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U Grad Students Take First Place in National Policy Contest

University of Utah graduate students Anna Brower, Clare Tobin Lence, Laura Briefer (L-R) won the 2014 Policy Solutions Challenge in Washington, D.C.  Brower and Briefer are working on masters degrees in public administration, Tobin Lence, a joint master’s in public policy and public health.

April 2, 2014 — Recently, a three-member team of graduate students from the University of Utah won the national Policy Solutions Challenge competition in Washington, D.C.

The U’s team – Laura Briefer and Anna Brower in the U’s public administration master’s program, and Clare Tobin Lence, working on master’s degrees in both public health and public policy – had already bested teams from the University of Southern California and University of Washington in the western regionals before winning the national honor over other universities that had advanced to the finals.

In the annual competition, teams of students from schools of public policy, public affairs and public administration around the United States are challenged to develop innovative solutions to the most important policy problems facing the country. Judges were from federal agencies, including the U.S. Department of Labor.

This year’s topic was improving employment and earnings outcomes for workers 18 to 25 – the age group that has been significantly affected in finding quality employment since the financial crisis of 2008. Teams were asked to develop options for addressing employment and earnings trends for younger workers over the next 20 years.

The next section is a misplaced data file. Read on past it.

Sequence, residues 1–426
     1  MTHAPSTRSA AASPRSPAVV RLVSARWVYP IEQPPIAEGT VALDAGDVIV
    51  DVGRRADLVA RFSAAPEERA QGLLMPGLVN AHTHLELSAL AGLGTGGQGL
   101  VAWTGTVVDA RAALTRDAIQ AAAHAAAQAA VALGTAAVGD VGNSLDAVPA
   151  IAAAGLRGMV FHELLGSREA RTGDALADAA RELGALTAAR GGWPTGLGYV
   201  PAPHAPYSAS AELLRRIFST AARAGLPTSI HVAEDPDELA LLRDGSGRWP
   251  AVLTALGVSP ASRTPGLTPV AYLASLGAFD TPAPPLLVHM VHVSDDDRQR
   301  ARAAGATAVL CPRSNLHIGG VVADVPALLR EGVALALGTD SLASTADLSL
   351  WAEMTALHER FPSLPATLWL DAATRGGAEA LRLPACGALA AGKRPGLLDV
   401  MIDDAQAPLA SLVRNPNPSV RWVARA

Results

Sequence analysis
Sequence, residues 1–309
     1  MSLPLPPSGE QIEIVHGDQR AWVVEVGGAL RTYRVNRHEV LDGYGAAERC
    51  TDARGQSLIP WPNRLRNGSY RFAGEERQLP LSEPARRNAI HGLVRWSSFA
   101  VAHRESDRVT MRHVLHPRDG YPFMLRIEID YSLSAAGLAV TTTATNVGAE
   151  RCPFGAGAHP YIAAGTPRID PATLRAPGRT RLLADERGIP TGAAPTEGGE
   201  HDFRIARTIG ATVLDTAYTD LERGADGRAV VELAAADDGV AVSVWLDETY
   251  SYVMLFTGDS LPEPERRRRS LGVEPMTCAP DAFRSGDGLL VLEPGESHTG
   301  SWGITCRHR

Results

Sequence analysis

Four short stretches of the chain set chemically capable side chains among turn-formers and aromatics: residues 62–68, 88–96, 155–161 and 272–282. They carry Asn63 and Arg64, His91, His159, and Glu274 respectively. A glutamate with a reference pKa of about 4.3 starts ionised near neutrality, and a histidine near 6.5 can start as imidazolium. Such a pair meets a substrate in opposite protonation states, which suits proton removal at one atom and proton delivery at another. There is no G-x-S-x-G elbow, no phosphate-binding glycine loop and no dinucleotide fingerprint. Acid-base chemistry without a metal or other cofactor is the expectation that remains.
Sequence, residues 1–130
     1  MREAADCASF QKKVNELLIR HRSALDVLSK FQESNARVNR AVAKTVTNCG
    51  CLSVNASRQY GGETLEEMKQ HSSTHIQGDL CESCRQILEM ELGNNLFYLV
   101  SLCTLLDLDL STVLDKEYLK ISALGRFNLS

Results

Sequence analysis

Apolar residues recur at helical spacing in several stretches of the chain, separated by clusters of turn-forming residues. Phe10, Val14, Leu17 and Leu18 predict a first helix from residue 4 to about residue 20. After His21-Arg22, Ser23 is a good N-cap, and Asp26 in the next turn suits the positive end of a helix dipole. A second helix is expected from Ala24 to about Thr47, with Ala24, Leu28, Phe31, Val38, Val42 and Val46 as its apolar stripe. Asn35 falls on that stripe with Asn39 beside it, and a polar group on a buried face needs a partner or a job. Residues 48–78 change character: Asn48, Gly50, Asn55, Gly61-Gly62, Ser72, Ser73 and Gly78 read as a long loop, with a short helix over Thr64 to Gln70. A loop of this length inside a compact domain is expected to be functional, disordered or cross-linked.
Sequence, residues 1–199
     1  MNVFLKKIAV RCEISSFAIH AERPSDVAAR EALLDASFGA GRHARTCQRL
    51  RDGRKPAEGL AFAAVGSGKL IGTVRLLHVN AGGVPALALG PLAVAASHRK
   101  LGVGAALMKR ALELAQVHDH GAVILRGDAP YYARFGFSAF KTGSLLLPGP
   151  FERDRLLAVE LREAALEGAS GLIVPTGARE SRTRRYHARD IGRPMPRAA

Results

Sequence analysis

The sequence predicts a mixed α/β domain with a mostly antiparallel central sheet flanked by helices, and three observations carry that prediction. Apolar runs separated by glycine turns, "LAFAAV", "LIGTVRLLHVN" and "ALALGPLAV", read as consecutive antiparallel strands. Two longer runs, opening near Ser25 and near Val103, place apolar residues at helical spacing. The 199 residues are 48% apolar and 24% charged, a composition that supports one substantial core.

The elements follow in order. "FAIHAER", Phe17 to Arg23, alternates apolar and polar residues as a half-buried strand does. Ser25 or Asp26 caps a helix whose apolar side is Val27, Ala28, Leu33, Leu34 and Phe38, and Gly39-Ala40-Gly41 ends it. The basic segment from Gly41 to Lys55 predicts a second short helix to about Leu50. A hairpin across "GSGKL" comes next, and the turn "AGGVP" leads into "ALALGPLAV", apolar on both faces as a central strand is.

“I’m ecstatic for our team and our programs,” said Thad Hall, director of the master of public policy and public administration programs at the U. “Our students in this challenge are very impressive. The team was successful because together they developed politically feasible and innovative solutions.”

The three solutions crafted by the team included reforming and expanding the National Registered Apprenticeship Program in order to further develop cost-effective and reciprocal opportunities for meeting employers’ needs while allowing young workers to obtain in-demand skills; promoting increased use of Career Academies in secondary schools to boost both academic performance and students’ chances at securing post-graduation employment;  and expanding microenterprise opportunities that will provide young entrepreneurs with opportunities to create business and nonprofit enterprises.

“This team’s analysis and solutions show evidence of the knowledge and skills each member has gained while in our master’s programs,” said Cathy Chambless, team advisor and research associate in the U’s Center for Public Policy & Administration. “Our high-caliber students have been able to take their graduate experience and develop creative and sustainable solutions for a real-world challenge.”

Brower earned a journalism degree from the University of Denver and is completing a Master of Public Administration at the U. She recently moved from the development director position at the American Civil Liberties Union to a contract public policy advocate position.

Briefer is the water resources manager for the Salt Lake City Department of Public Utilities and has 20 years of experience working in natural resources and the environment. She is studying public administration at the U.

Tobin Lence is project coordinator at the nonprofit HealthInsight, working to improve the quality of healthcare. She holds a bachelor’s degree in biology from Stanford and will complete a joint master program in public policy and public health from the U in May 2014.